If the organs are removed for the purpose of research only, the establishment must have a HTA licence for removal for research under the Human Tissue Act. Most Post Mortem establishments already hold this licence, which can be extended by the HTA to cover other areas where removal of tissue from the deceased takes place. Designated Individuals are advised to contact the HTA if they wish to extend a licence to cover theatres to enable this activity to take place.
A serious adverse event (SAE) is defined in the Regulations as ‘any undesired and unexpected occurrence associated with any stage of the chain from donation to transplantation that might lead to the transmission of a communicable disease, to death or life-threatening, disabling or incapacitating conditions for patients or which results in, or prolongs, hospitalisation or morbidity’.
SAEs that may influence the quality and safety of an organ and that may be attributed to the testing, characterisation, procurement, preservation and transport of organs must be reported and investigated. The HTA also requires that any SAEs which occur at a transplant centre which may influence the quality and safety of an organ must be reported and investigated.
A serious adverse reaction (SAR) is defined in the Regulations as ‘an unintended response, including a communicable disease, in the living donor or in the recipient that might be associated with any stage of the chain from donation to transplantation that is fatal, life-threatening, disabling, incapacitating, or which results in, or prolongs, hospitalisation or morbidity’. SARs observed during or after transplantation which may be connected to the testing, characterisation, procurement, preservation and transport of organs must be reported and investigated.
It is a statutory condition of an ODT licence to report SAEARs to NHSBT within 24 hours of discovery of the incident by the licence holder. Establishments should have in place operating procedures for the management of a serious adverse event or a serious adverse reaction.
In the context of testing, examples of SAEs may be related to mislabelling, transcription errors, loss of traceability of samples, failure in testing protocols etc. All incidents should be reported to NHSBT. NHSBT will then report incidents falling into the category of SAEARs to the HTA.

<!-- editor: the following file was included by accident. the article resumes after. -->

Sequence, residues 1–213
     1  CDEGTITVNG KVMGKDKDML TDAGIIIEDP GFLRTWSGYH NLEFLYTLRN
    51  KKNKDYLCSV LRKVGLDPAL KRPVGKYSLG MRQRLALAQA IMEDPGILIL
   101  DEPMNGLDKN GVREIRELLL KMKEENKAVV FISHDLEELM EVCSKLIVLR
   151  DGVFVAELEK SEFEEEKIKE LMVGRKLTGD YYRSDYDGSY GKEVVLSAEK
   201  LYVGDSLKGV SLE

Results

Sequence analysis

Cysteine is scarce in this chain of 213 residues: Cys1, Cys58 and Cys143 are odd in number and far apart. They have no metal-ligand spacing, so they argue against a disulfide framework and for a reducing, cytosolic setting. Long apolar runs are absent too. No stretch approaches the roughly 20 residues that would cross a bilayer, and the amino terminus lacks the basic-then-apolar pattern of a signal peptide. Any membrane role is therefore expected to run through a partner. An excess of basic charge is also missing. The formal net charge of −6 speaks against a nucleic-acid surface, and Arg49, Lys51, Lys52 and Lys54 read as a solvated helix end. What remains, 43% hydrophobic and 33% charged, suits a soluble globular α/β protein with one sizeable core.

Testing laboratories are not licensed by the HTA and should report SAEs to the licence holder, who will then submit a report to NHSBT. Further guidance is provided in the SAEARs Guidance Document (PDF).
The HTA directs that, for living donation, only UKAS accredited laboratories should be used, unless by doing so there is a risk to the donor or recipient which would outweigh the risk of using a non-accredited laboratory or one with an unknown status, e.g. due to time constraints in an emergency liver donation.
For deceased donation, establishments should endeavour to use only laboratories accredited by UKAS. The HTA would expect licence holders to establish the accreditation status of laboratories that are frequently used for donor or organ characterisation, and to review and update this information on a regular basis. Where UKAS accredited laboratories are not available, a risk assessment of the testing laboratory should be performed and the implanting surgeon should be informed. The results of the risk assessment should be recorded in donor files.
Although NHSBT keeps a register of all living donors for follow-up, all transplant centres are required to keep this information on site. Local practice will vary depending on how follow-up clinical visits, or visits to local GPs or hospitals are managed.
Donors should be followed up to identify any reactions or disease processes, which may have potential consequences for both the living donor and the organ recipient. For overseas donors, both the donor and the managing GP should be informed in discharge letters of the importance of reporting any serious adverse events or reactions to the transplant centre.
For example if a living kidney donor develops a tumour, the transplant centre should be informed to ensure that the organ recipient is appropriately monitored.